Now, I will say, my dogs love my sister, mainly because she brings them presents whenever she visits, and this visit was no different. She immediately pulled out a bag of bacon snacks for the dogs and a container of kitty treats for my cat, Deadline, who lives in the storage room.

“Let’s not bring them in yet,” I told Deana.

So we settled into the den, and Deana told me about the family Fourth of July I missed the day before. Apparently, I wasn’t the only one who had missed. My middle sister, Stephanie, was required to complete some sort of combat training with the DeSoto County Sheriff’s Department where she is a captain, and spent our nation’s birthday getting beat up by would-be perpetrators.

After a few minutes, I walked into the kitchen and saw it. The gate was open, and the yard was empty. My dogs had escaped and were now loose in the city. Pure panic washed over my body. My dogs had never been off a leash, and I was afraid they would not know to get out of the way of cars.

Without thinking, I ran down the steps, across the yard, and down the street – barefoot. As I rounded the corner, I noticed something running full speed down the street. Don Juan, my Chihuahua, ran right to me and jumped into my arms.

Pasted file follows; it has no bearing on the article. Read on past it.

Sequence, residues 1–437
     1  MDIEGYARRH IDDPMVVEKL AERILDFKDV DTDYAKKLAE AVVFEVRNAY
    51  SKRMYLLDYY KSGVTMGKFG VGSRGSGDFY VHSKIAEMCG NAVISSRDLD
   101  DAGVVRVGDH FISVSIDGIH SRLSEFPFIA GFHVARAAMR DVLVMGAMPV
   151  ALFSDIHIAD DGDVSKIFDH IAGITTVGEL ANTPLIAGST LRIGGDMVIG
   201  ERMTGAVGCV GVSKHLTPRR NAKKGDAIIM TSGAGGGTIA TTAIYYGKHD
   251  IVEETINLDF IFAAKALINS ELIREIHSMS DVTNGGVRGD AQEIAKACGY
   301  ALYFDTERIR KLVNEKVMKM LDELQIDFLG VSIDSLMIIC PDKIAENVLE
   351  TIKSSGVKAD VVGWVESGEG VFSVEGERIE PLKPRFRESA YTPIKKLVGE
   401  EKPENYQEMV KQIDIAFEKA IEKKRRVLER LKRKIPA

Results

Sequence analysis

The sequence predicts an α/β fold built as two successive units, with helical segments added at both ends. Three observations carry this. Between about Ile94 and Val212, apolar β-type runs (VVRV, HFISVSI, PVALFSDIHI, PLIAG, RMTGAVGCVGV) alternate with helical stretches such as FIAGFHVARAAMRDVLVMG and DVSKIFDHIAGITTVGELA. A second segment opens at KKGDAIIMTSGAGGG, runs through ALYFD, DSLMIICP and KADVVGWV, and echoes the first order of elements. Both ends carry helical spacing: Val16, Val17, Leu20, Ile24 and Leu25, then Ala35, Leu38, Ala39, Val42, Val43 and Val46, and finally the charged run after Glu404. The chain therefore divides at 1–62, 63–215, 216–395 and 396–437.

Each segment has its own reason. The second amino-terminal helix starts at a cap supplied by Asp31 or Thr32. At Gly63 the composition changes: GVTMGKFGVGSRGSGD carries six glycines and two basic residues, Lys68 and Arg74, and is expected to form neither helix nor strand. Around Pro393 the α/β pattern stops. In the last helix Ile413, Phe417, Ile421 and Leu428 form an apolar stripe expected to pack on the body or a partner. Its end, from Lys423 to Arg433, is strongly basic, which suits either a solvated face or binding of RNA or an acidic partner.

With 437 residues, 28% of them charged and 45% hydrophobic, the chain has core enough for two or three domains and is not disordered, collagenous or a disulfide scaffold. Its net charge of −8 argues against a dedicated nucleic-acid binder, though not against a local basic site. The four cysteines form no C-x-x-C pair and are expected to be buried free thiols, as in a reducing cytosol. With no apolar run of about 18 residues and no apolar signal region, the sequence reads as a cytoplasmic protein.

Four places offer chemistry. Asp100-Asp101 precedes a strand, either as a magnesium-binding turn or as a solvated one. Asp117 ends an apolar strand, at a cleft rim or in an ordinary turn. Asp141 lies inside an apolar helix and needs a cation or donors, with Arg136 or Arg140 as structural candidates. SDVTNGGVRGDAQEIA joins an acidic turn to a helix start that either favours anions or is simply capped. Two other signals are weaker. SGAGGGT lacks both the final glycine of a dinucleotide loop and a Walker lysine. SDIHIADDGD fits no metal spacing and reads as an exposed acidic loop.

I passed him off to Deana and continued my hunt for the fastest, severely ADD creature the Lord ever created – Skipper, aka the village idiot.

It rained that morning, and water still flowed in the gutters. The grass was wet, and the dirt was mud. The rain had also washed gravel onto the street, and my bare feet were now muddy and bleeding as I called out for Skipper.

“Skipper,” I called. “Here Doodle Bug.”

I was trying to sound playful and sweet. I did not want him to realize when I caught him, I planned to kill him.

Some children on bicycles pointed me in the right direction – gravel road, mud – and a group of children who sat on church steps directed me further. Skipper was obviously touring the town, and he was headed back towards my street.

“Did you lose one?” my neighbor asked.

“Yes, the little black and white one. Have you seen him?”

“Let me see if he is around the back?”

A few minutes later, I heard my neighbor direct me behind his house and through the back yards of the houses behind him.

Then I saw him, a black and white terrier was running towards me as I called. Then I realized, this might be Skipper’s cousin, but it is definitely not Skipper. Impossible, but there is another one!

I caught a flash of white. It was Skipper. I called – all sweet remember – and he actually ran to me. I flung that raging idiot into my arms – I seriously thought I lost him forever.
I didn’t kill him. I didn’t even punish him. I just walked home – sweaty, bleeding, and muddy – with Skipper in my arms.

As I handed Deana the dog and hosed off, we discovered the village idiot could actually open the gate with his nose. We doggie-proofed the latches. Now, remarkably, I can’t open the gate.